Two longtime inmates on Arizona's death row may soon be the first to be executed in the state since 2014, reported the Arizona Republic.
Notices of intent to seek warrants of execution have been filed with the Arizona Supreme Court against Frank Atwood, 65, and Clarence Dixon, 65, Arizona Attorney General Mark Brnovich announced Tuesday.
“Capital punishment is the law in Arizona and the appropriate response to those who commit the most shocking and vile murders,” Brnovich said in a statement. “This is about the administration of justice and ensuring the last word still belongs to the innocent victims who can no longer speak for themselves.”
The Arizona Supreme Court will decide if the Department of Corrections can proceed with the executions, which will occur 35 days after the court's mandate, or order, denying review of their cases.
Atwood and Dixon have the option to die by lethal injection or gas, according to Arizona law.
Brnovich asked the court to create a firm briefing schedule before it issues its order to allow the Department of Corrections to comply with execution protocols.
Brnovich has frequently mentioned Atwood and Dixonin letters he sent to Ducey advocating for the governor to resume executions. Ducey, who oversees Department of Corrections Director David Shinn, has asked the agency to take actions to help resume capital punishment.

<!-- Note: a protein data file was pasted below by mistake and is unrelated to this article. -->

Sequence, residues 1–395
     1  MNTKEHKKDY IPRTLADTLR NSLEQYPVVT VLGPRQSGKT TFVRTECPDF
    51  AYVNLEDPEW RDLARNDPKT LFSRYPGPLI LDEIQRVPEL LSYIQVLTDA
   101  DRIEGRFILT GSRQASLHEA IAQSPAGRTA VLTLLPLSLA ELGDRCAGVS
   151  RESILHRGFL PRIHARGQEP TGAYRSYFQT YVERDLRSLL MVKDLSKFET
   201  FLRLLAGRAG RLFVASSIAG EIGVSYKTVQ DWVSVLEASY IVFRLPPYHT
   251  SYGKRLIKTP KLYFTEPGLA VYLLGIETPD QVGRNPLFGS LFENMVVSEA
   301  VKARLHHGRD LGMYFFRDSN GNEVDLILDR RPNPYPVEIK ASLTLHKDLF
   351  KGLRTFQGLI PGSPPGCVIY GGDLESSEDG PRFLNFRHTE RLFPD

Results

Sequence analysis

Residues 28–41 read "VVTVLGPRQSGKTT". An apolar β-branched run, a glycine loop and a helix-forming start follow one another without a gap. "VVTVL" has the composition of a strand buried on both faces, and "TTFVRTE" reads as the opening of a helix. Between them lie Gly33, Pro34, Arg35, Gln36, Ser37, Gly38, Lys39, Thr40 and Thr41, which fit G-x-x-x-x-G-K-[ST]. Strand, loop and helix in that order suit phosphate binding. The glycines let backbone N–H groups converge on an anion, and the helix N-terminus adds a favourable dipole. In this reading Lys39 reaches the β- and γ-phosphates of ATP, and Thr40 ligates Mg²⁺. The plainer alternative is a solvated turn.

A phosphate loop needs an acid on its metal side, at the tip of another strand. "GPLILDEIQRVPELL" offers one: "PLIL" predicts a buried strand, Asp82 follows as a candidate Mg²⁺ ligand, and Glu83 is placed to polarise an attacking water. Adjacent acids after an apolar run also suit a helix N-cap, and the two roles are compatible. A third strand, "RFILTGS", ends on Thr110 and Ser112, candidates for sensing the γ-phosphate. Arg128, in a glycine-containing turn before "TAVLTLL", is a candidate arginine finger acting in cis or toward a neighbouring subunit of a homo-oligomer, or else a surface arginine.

In Arizona's last execution, in 2014, Joseph R. Wood was left snorting and gasping for nearly two hours before he died from a controversial drug cocktail. Arizona faced lawsuits and also had trouble gaining access to approved lethal drugs.
There are 115 people on Arizona's death row, and 20 have exhausted their appeals.
Of those inmates who have exhausted their appeals, two are Hispanic, three are Native American, 15 are white and one did not provide his ethnicity.
They have convictions out of Maricopa, Pima, Mohave, Yavapai and Pinal counties. Two men are brothers, and another man's sibling also was on death row until he died of an illness.
Atwood is white, and Dixon is a member of the Navajo Nation.
Even though some death row inmates have exhausted their appeals, all are able to submit a commutation application to the Arizona Board of Executive Clemency.
According to Arizona law, the governor is only able to consider a pardon or commutation of a sentence if the clemency board has offered a recommendation.
The board never has issued a recommendation to pardon or commute a sentence of a person on death row, according to the American Bar Association.
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